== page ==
As time went on, Van Galder becoming more agitated and argumentative with the officers.

“It’s our job to keep the roadway safe and you should know this,”Saladen told him.

“Do you understand that I’m retiring tomorrow?” Van Galder responded.

Then Van Galder asked Dominguez to park his car and said he would walk home. Van Galder continued to argue that he was not a danger to them and found it “ridiculous” the rookie cop would even consider placing him under arrest.

An officer can be heard telling Van Galder, “He’s not gonna 'not arrest' you in front of me.”

The traffic stop

In the meantime the passenger in the car, his wife Teresa Van Galder, was questioned. She works for the Mesa Police Department as a homicide detective.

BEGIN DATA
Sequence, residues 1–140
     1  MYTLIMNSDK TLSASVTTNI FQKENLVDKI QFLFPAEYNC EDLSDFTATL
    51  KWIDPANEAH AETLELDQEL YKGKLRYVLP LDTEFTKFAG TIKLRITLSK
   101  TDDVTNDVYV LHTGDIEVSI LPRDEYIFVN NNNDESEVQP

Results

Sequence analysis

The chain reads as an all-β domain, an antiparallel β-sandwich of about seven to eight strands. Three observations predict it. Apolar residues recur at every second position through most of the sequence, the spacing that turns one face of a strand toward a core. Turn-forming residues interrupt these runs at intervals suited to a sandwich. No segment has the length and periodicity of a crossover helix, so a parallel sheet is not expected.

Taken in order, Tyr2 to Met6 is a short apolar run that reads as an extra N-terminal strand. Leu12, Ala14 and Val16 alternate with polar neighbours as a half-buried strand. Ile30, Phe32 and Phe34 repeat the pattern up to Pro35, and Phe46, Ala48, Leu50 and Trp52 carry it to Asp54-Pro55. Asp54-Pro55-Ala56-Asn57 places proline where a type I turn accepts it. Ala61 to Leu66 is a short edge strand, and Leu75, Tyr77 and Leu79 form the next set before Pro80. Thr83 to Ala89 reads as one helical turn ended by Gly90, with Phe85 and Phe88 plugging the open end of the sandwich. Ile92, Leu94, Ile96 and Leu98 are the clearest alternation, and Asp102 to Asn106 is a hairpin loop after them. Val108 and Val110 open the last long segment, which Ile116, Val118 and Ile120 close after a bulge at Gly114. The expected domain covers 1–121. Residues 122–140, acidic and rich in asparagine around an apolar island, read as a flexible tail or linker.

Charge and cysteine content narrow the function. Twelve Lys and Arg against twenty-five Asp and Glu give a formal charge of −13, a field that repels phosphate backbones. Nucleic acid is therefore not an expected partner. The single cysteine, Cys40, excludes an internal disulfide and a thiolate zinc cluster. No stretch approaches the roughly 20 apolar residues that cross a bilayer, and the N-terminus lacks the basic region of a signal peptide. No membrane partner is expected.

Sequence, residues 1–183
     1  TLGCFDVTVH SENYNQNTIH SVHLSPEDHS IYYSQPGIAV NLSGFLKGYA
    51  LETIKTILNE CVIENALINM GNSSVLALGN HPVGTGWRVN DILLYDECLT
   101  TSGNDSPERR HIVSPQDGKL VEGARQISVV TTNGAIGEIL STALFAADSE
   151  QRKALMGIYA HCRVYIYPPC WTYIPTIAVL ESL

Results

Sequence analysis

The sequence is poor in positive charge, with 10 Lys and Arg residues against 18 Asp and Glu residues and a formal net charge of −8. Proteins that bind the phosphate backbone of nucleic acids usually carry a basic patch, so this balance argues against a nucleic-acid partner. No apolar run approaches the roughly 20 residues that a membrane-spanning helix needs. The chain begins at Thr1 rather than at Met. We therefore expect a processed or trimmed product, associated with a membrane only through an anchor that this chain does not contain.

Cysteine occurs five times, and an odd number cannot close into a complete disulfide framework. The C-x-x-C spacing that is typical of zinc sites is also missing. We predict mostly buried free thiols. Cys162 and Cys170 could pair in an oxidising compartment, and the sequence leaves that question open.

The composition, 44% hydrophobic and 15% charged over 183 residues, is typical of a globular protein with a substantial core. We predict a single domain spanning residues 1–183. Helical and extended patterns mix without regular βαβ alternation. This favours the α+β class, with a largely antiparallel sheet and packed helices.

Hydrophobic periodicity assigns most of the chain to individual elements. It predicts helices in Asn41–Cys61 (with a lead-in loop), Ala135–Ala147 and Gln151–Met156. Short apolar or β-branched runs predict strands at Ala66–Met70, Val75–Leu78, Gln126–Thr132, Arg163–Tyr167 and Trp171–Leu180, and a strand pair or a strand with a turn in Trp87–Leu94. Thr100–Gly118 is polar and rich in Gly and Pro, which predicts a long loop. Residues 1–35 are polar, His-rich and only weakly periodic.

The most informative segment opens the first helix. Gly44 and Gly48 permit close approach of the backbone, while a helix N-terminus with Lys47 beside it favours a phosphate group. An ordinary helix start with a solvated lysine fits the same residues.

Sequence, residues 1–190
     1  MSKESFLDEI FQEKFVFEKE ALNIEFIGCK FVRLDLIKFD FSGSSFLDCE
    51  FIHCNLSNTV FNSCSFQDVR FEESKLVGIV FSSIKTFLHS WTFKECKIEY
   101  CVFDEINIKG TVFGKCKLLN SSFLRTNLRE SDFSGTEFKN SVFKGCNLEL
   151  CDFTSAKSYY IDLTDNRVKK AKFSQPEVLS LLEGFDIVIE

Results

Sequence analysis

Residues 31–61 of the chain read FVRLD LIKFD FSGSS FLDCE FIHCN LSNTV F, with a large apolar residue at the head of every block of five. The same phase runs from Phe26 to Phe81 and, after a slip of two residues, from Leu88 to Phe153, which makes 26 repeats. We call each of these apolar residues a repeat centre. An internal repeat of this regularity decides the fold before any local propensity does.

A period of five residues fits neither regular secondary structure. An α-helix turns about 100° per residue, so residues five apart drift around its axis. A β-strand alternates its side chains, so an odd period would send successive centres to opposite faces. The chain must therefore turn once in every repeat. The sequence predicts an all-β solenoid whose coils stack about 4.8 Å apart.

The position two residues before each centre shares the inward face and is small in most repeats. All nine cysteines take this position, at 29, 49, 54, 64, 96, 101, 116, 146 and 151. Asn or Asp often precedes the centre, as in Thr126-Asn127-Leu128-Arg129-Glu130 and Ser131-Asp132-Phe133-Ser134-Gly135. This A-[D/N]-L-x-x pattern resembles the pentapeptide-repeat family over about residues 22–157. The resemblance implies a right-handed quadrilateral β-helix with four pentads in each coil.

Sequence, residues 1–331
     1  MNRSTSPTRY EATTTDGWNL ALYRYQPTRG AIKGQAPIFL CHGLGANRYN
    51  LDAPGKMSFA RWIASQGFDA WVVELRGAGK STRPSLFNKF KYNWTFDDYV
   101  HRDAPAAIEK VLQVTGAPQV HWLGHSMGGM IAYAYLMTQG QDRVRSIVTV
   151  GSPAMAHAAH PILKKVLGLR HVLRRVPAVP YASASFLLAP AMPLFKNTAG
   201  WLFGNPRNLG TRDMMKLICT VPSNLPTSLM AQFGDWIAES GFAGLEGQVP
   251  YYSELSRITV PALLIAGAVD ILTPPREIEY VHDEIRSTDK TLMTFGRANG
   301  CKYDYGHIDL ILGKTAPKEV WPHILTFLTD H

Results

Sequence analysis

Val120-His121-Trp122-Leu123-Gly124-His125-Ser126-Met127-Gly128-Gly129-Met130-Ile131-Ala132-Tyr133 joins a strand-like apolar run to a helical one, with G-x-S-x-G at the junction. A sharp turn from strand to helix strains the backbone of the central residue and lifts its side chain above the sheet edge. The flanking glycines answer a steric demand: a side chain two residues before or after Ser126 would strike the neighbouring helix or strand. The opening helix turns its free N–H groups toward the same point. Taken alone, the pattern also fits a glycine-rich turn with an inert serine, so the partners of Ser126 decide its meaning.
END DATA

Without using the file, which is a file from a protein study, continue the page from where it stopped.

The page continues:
Teresa Van Galder can be seen fumbling around in search of her phone and driver’s license. She advised Saladen that she and her husband played golf at Kokopelli Golf Course earlier in the day and then picked up a pizza to take home.

When the couple was pulled over, they were still more than five miles from home.

During the traffic stop, Saladen observed that Teresa Van Galder was intoxicated and got a sense of her condition as she started eating pizza while waiting for her husband, records show.

Saladen wrote, “I observed a chunk of chewed pizza fall out of Teresa’s mouth and land on the seat between her legs.”

At the end of the traffic stop, Rick Van Galder was placed under arrest. On the video, he acts miffed about being handcuffed behind his back and went after Dominguez in a profanity-laced tirade.

Because the Van Galders seemed to be impaired, according to police, their car had to be towed, and Lieutenant Van Galder was transported to the Gilbert/Chandler Unified Holding Facility for processing.

Relentless harassment